How to Ask for Your Job Back and Get Rehired

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You have just started a new job. Yet, you have a sinking feeling that perhaps you made a mistake. What can you do when you've quit your job and started a new position, only to discover that the new job isn't what you expected? What are your options when you are already regretting leaving your old job, and you really wish you hadn't? Is there a way you can get rehired after quitting your old job?

Can you ask your employer if you can return to the position you left? What's the best way to ask for your old job back? Or should you pursue other opportunities?

What to Do When a New Job Doesn't Work Out

Hopefully, you left your old employer on a positive note. Because you don't know what can happen when you start a new job, it makes good sense to leave a job on the best terms possible.


Even if you diligently check out the company, your future manager, and your co-workers as best you can, the job might not be how you'd imagined it and working for the company might not be what you expected.

It happens, but before you ask for your old job back, be very sure that you want it. Even if you could go back, you might not be able to. It's also important to think about why you decided to leave your old employer. If nothing has changed, other than you not liking your new job, it might be better to continue your job search for a position that's a better fit.

Should You Ask for Your Job Back?

Does it make sense to ask for your job back? You resigned for a reason. Is the fact that the new job isn't working out a good enough reason to return to a situation that you have recently left? Or, does it make sense to look for another new job and move on?

Think seriously about what you would have to lose—or gain—if you quit the new job and started over. Or, consider staying at the new position while carefully (and confidentially) restarting your job search.


If you’re stressed even thinking about going to work, and you can't see any options for changing the dynamic at your new workplace, it might be time to move back or move on to something else.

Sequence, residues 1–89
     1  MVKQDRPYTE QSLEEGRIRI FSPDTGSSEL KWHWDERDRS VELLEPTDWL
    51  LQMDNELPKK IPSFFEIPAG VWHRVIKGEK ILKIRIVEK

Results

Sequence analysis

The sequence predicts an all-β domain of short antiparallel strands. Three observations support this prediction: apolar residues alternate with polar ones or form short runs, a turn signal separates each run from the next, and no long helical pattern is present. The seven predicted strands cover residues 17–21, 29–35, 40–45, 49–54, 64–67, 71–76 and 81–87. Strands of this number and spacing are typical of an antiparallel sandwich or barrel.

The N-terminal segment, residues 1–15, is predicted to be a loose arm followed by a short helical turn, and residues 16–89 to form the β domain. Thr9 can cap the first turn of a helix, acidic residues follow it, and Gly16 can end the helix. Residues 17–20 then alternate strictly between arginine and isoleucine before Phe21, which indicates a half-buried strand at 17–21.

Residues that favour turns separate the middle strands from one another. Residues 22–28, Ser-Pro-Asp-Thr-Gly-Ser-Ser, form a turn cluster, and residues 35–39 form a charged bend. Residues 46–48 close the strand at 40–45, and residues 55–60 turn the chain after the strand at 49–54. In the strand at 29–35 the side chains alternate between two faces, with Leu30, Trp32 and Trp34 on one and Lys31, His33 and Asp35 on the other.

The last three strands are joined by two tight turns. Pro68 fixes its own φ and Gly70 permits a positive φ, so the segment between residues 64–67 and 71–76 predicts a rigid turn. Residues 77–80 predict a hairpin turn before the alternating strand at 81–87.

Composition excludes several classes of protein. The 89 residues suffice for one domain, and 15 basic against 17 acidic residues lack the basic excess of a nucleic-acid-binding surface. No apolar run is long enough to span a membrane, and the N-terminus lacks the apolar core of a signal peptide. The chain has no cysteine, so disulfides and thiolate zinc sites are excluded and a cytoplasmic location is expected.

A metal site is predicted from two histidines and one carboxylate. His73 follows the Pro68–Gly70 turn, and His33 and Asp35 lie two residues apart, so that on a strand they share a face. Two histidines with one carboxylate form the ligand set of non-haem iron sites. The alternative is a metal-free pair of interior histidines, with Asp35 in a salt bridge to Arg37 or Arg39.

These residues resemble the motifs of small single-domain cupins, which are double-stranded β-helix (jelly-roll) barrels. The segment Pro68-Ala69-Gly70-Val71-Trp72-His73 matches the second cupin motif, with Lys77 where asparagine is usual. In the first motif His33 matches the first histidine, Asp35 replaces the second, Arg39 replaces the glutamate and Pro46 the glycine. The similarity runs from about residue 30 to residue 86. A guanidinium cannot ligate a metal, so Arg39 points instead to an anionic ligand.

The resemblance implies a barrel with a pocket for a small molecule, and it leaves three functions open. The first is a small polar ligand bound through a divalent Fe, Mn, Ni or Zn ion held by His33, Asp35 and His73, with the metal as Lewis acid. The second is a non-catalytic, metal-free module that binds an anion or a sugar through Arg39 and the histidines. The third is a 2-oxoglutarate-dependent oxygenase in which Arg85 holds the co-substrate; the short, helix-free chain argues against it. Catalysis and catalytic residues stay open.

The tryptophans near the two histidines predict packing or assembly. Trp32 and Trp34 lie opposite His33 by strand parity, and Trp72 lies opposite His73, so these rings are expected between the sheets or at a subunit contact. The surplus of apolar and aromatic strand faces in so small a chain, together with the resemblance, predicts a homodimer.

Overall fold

There may be a way you can discreetly discuss the situation with your new manager. After all, the company may be having second thoughts as well. If you do, don’t mention how much you hate your job. Instead, review the possible options for what to do next before you start a conversation or make any decisions.

Weigh the pros and cons before you make a final decision:

  • Make a list of why you left and then create another list of what the benefits would be if you went back.
  • If the pros outweigh the cons, consider asking for your old job back or for a new position with your former employer.

If you were an employee who was held in high regard, your previous employer may be glad to consider rehiring you.

Will the Company Rehire You?

Don't presume that the company will hire you back though, even if they thought you were great at your job. Your position may have already been filled. Even if it's not, they might prefer to start over with someone else. There will be questions about your commitment to the company and whether you'll quit again the next time you get a job offer.


If the company is willing to consider rehiring you, you will probably have to sell yourself to the company and convince them that it would a good idea to rehire you.

Be prepared to explain why you left, what didn't work out at the new company, and why you want to come back. Also, be prepared to show the company why it would be advantageous for them to rehire you, and how you will show your commitment to staying this time around.

The Best Way to Ask for Your Job Back